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Illegal salmon-fishing boats, nets seized on the Fraser River

A sockeye salmon is caught in a commercial fishing boat's net on the mouth of the Fraser River in Richmond, B.C., on Wednesday August 25, 2010. The Department of Fisheries and Oceans has opened a 32-hour sockeye run on the Fraser River.

DARRYL DYCK/The Globe and Mail

Fisheries authorities have seized boats and nets as part of stepped-up enforcement of a salmon-fishing ban on the Fraser River.

The measures are being taken to enforce a ban that applies to all salmon species and to all fishing sectors, including commercial, sport and aboriginal fisheries, says Nicole Gallant, acting area chief for the Lower Fraser with the federal Department of Fisheries and Oceans.

"We [continued] to increase our enforcement presence this past weekend to monitor any illegal fishing that's taking place during this closure," Ms. Gallant said.

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Fisheries officials announced the ban earlier this month as a result of low numbers of sockeye salmon returning to the Fraser River to spawn as well as higher-than-normal water temperatures, which can affect fish as they swim upstream.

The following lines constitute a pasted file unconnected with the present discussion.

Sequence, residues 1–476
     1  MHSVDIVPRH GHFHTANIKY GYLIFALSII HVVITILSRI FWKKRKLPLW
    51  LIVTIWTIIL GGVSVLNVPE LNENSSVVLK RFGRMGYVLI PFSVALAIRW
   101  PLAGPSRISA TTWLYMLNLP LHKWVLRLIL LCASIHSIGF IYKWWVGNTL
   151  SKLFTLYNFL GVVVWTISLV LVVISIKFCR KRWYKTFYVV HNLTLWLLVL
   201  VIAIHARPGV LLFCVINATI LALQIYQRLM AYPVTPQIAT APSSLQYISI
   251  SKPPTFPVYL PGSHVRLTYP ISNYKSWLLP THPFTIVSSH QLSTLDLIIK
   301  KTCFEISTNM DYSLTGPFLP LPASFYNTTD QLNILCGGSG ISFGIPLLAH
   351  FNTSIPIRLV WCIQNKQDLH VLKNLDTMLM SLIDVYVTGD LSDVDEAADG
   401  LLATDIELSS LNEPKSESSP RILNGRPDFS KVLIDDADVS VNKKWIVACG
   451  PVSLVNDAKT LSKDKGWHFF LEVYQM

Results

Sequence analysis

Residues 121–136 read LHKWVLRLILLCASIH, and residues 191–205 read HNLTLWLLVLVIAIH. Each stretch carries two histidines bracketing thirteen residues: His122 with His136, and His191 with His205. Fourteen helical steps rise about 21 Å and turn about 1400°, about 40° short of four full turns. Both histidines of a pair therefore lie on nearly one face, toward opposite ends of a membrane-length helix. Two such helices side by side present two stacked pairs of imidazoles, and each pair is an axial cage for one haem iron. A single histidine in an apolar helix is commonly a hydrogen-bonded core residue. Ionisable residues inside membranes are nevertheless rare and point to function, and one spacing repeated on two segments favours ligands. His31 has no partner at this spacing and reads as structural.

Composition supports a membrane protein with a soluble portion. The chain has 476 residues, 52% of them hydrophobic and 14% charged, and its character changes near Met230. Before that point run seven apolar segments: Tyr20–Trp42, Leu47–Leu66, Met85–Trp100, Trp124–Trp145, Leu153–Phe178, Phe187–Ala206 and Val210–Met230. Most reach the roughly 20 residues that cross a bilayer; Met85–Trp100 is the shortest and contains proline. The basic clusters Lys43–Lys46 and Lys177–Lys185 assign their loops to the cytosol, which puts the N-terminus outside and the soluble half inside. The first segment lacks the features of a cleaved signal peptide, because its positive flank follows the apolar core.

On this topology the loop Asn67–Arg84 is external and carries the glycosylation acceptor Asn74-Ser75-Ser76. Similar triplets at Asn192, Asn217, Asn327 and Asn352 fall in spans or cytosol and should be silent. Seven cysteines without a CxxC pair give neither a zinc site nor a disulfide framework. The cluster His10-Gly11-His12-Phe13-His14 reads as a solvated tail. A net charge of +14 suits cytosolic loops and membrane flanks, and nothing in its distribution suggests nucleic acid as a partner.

Sockeye is prized for its colour and flavour.

"We have had [closures] before but this is an unusual circumstances where we have both the low numbers of fish returning and the hot water temperatures which basically closed the river – and increased the enforcement patrols," Ms. Gallant said.

Over the past 10 days, fisheries officials have seized nine boats and 60 nets and opened nearly 30 investigations into alleged poaching incidents. The stepped-up patrols, involving about 30 employees, are expected to continue while the ban remains in effect.

The closing applies to the stretch of water between the mouth of the Fraser in the Lower Mainland to just north of Yale, Ms. Gallant said.

Members of the public who think they see illegal fishing activity on the Fraser should call DFO's Observe, Record and Report line, Ms. Gallant said. Some fisheries, including the catch-and-release sturgeon fishery, are still allowed.

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About the Author
National correspondent

Based in Vancouver, Wendy Stueck has covered technology and business and now reports on British Columbia issues including natural resources, aboriginal issues and urban affairs. More

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